Our Contribution Act is intended to apportion liability based upon the relative fault of the parties, and applies when the parties are "subject to liability in tort arising out of the same injury to person or property, or the same wrongful death." (740 ILCS 100/2(a) (West 1992).) Although the Act does not define the scope of the terms "subject to liability in tort," this court has held that the phrase is intended to exclude intentionally tortious conduct. In Gerill Corp. v. Jack L. Hargrove Builders, Inc. (1989), 128 Ill. 2d 179, 131 Ill. Dec. 155, 538 N.E.2d 530, this court observed that the Contribution Act was adopted to codify the decision in Skinner v. Reed-Prentice Division Package Machinery Co. (1977), 70 Ill. 2d 1, 15 Ill. Dec. 829, 374 N.E.2d 437, in which the court adopted the rule that a strict product liability defendant could seek contribution from a negligent defendant. ( Skinner, 70 Ill. 2d at 16.) This court's decision in Skinner did not abolish the view, originally announced in Merryweather v. Nixan (K.B. 1799), 101 Eng. Rep. 1337, and subsequently adopted in most States of this country, including Illinois, that contribution is not permissible between intentional tortfeasors. ( Gerill, 128 Ill. 2d at 203-04.) The rule prohibiting contribution among intentional tortfeasors was founded on the notion that an intentional tortfeasor, whose liability has arisen "entirely [from the tortfeasor's] own deliberate wrong," should not be afforded the equitable benefits of shifting a portion of that liability to another tortfeasor under principles of contribution. (W. Keeton, Prosser & Keeton on Torts § 50, at 336 (5th ed. 1984); see also Neuman v. City of Chicago (1984), 110 Ill. App. 3d 907, 910, 66 Ill. Dec. 700, 443 N.E.2d 626.) The legislative history of the Contribution Act reveals that the General Assembly's adoption of the Act was not intended to alter or modify the common law rule which did not permit contribution among intentional tortfeasors. ( Gerill, 128 Ill. 2d at 204-05.) For these reasons, this court has held that intentional tortfeasors are not entitled to contribution under the Contribution Act. Gerill, 128 Ill. 2d at 206.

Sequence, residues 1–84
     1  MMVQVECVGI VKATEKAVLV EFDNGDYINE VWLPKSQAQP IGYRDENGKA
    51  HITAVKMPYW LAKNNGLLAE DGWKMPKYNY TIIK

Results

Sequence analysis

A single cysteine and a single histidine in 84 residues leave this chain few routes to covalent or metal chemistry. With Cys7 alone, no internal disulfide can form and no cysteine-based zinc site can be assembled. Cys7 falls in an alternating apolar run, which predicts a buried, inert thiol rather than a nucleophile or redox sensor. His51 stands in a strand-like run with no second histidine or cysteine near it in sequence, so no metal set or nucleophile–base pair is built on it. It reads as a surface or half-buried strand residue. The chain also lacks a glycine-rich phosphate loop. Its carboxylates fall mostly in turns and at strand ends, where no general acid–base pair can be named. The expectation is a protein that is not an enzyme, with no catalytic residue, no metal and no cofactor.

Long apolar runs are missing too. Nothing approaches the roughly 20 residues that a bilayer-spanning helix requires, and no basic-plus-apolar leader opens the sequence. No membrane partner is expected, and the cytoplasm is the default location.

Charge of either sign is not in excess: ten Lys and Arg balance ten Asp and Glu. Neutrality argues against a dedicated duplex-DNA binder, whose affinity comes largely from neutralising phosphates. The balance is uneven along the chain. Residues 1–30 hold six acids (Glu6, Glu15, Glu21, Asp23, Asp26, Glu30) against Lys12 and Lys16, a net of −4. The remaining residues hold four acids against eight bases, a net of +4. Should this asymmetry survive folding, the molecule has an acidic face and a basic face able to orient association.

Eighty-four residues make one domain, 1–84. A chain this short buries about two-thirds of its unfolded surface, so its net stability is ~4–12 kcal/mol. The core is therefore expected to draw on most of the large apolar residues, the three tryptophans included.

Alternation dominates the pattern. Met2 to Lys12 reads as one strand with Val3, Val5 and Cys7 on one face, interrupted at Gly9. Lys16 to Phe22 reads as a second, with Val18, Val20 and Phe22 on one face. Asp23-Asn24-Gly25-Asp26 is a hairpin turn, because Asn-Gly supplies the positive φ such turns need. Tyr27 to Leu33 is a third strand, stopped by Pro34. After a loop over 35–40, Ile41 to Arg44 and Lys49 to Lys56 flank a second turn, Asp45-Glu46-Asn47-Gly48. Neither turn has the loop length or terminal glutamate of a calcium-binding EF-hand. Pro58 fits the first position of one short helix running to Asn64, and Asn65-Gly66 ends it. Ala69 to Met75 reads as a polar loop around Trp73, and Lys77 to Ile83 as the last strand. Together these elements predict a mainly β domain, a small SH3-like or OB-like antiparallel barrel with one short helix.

The question presented for our determination in the present appeal is whether a defendant found guilty of willful and wanton conduct should be precluded from obtaining contribution from a defendant found guilty of ordinary negligence. (See Bresland v. Ideal Roller & Graphics Co. (1986), 150 Ill. App. 3d 445, 103 Ill. Dec. 513, 501 N.E.2d 830 (barred contribution for willful and wanton tortfeasor); Pipes v. American Logging Tool Corp. (1985), 139 Ill. App. 3d 269, 93 Ill. Dec. 757, 487 N.E.2d 424 (permitted contribution for willful and wanton tortfeasor); Neuman v. City of Chicago (1982), 110 Ill. App. 3d 907, 66 Ill. Dec. 700, 443 N.E.2d 626 (acknowledged viability of equitable apportionment for willful and wanton tortfeasor whose conduct fell short of intentional behavior); McQueen v. Shelby County (C.D. Ill. 1990), 730 F. Supp. 1449 (followed ruling in Bresland).) To resolve this question, we look to the similarities, and dissimilarities, between negligent, willful and wanton, and intentional conduct.
Our jurisprudence has defined negligent conduct as "a failure to exercise the care that a reasonable man of ordinary prudence would exercise to guard against any reasonably foreseeable, unreasonable risks of harm which might flow from his conduct." ( Beccue v. Rockford Park District (1968), 94 Ill. App. 2d 179, 190, 236 N.E.2d 105; see also Illinois Pattern Jury Instructions, Civil, No. 10.02 (3d ed. 1989); No. 10.03 (3d ed. 1993) (hereinafter IPI Civil 3d).) Generally, "tort intent means * * * a desire to cause consequences or at least [a] substantially certain belief that the consequences will result. [Citations.]" 1 M. Polelle & B. Ottley, Illinois Tort Law § 1.01, at 1-3 n.8 (2d ed. 1993); see also Aetna Casualty & Surety Co. v. Freyer (1980), 89 Ill. App. 3d 617, 620, 44 Ill. Dec. 791, 411 N.E.2d 1157.
In contrast, this court has offered the following definition of willful and wanton acts:
"A wilful or wanton injury must have been intentional or the act must have been committed under circumstances exhibiting a reckless disregard for the safety of others, such as a failure, after knowledge of impending danger, to exercise ordinary care to prevent it or a failure to discover the danger through recklessness or carelessness when it could have been discovered by the exercise of ordinary care." Schneiderman v. Interstate Transit Lines, Inc. (1946), 394 Ill. 569, 583, 69 N.E.2d 293.
See also IPI Civil 3d No. 14.01.